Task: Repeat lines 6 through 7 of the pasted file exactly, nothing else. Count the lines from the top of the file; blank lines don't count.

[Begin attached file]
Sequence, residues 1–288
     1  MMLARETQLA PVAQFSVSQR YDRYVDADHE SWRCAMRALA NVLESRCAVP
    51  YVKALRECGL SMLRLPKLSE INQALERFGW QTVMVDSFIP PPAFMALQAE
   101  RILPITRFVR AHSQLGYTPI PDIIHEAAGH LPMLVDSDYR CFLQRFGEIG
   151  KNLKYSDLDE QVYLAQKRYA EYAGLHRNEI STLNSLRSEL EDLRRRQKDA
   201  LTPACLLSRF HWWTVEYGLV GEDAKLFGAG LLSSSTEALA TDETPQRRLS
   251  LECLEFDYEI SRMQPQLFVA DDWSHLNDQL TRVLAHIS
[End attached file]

   201  LTPACLLSRF HWWTVEYGLV GEDAKLFGAG LLSSSTEALA TDETPQRRLS
   251  LECLEFDYEI SRMQPQLFVA DDWSHLNDQL TRVLAHIS